Workers’ compensation benefits provide a certain amount of income to an employee who has suffered a work-related injury or illness. Although the general rule is that workers’ compensation will pay you two-thirds of your regular wages while you are out of work, this amount can be varied for workers with wages above and below certain legal thresholds. How much of this amount can the IRS tax?
The short answer to whether workers’ compensation benefits can be taxed by the IRS is ‘no’. This applies not only to benefits that you receive, but also to relatives who are eligible for survivor’s benefits when you die. Since these benefits are not taxable, in most cases your after-tax income will decrease by less than one-third, even though you are receiving only two-thirds of your pre-accident wages.
If you return to work at lower pay due to modified duties or fewer working hours, workers’ compensation generally pays two-thirds of the difference between what you were making before the accident and what you are making now. Since this will entail a reduction in the amount of workers’ compensation payments you will receive, you will lose some of the associated tax benefit — you will still be taxed on the amount you are making after returning to modified duty.
The SSI/SSDI Exception
There is one exception to the tax-free rule with respect to workers’ compensation benefits, which applies if you receive workers’ compensation in conjunction with SSI/SSDI. If you are already receiving SSI or SSDI when you receive a workers’ compensation award, your SSI/SSDI benefits will be reduced to account for the amount you are receiving workers’ compensation.
The amount of workers’ compensation that replaces what you used to receive in SSI/SSDI benefits will be taxable, although it will amount to only a fraction of the total amount of workers’ compensation you will be receiving. The amount of tax levied under this exception is negligible for most workers’ compensation recipients.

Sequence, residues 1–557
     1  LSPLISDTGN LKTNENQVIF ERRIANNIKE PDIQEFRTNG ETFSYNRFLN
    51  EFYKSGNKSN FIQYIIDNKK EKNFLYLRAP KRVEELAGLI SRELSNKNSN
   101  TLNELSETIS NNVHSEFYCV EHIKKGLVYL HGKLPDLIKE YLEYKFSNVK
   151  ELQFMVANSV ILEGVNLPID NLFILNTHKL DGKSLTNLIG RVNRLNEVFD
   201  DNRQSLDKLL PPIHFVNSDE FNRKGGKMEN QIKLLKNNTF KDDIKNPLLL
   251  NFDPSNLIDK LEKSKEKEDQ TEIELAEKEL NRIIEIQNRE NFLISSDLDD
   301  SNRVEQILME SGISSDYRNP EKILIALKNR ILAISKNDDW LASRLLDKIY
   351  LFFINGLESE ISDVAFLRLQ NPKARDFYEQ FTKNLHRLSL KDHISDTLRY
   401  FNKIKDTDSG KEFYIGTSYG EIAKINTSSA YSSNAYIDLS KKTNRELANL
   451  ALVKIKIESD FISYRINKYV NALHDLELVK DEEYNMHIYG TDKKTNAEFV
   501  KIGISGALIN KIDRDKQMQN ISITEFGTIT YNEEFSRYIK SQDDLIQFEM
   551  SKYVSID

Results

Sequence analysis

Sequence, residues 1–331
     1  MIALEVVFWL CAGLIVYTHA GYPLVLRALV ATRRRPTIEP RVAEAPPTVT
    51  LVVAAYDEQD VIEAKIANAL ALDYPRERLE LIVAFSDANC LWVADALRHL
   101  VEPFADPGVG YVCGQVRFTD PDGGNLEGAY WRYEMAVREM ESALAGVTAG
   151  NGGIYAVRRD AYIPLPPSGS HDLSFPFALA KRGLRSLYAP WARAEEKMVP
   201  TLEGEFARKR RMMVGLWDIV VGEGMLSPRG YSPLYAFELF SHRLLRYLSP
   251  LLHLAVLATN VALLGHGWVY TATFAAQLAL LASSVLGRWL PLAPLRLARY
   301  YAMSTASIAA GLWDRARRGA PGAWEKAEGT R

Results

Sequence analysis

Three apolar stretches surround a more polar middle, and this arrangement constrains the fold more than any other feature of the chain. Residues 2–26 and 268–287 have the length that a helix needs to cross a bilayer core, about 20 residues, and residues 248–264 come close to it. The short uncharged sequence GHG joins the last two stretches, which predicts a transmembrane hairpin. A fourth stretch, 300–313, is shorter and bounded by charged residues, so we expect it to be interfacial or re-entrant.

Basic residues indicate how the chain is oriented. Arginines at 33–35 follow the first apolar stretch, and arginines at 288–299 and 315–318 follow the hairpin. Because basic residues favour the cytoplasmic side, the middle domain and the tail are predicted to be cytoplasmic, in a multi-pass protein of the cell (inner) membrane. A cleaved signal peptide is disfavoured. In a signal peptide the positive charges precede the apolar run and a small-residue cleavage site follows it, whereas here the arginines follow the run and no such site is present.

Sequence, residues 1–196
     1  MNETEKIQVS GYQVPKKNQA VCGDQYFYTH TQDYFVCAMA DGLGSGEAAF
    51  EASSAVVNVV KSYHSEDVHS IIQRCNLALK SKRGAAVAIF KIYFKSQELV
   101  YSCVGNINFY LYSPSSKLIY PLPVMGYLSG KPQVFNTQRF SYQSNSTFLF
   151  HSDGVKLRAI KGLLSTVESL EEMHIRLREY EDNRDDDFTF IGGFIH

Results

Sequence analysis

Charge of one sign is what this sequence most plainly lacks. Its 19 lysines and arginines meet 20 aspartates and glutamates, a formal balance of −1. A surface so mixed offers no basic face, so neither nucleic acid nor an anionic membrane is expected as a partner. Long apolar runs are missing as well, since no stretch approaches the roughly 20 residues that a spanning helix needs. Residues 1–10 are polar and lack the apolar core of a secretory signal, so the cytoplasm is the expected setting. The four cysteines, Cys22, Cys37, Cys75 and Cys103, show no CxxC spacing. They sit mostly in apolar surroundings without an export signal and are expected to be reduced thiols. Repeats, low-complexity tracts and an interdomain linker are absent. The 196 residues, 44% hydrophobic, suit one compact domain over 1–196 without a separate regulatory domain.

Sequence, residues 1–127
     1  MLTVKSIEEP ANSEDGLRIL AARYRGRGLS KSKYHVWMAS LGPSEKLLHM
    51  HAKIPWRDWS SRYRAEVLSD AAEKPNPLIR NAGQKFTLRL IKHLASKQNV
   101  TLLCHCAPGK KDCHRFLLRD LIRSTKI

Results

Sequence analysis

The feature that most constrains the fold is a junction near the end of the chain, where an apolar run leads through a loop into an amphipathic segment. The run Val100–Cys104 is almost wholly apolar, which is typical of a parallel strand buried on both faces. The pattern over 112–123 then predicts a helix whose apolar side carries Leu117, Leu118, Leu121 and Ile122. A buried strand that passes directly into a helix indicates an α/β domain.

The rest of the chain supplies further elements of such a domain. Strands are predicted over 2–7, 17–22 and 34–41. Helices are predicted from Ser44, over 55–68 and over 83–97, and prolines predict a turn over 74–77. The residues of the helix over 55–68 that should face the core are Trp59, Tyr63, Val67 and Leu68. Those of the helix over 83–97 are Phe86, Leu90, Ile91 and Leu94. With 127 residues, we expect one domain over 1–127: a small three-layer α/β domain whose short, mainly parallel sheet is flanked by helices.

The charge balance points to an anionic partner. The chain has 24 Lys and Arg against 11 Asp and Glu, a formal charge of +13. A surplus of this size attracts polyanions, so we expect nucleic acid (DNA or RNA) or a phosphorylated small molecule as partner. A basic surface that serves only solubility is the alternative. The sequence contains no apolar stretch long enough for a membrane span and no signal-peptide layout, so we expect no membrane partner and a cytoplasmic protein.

If you retire due to your injury, any retirement benefits you receive that are based on something other than your injury (age, length of service, etc. ) will be taxed normally — in other words, they will not be included in the workers’ compensation tax exemption. The fact that your injury was what caused you to retire in the first place will not be taken into account.
The Clock is Ticking…
If you are concerned about the tax consequences of a workers’ compensation award, particularly if you receive both workers’ compensation and SSI or SSDI, contact Raleigh workers’ compensation attorney John A. Hedrick by calling 919-626-3895, emailing us at firstname.lastname@example.org or completing our online contact form. Mr. Hedrick enjoys the benefit of decades of experience, and he is Board Certified in workers’ compensation law.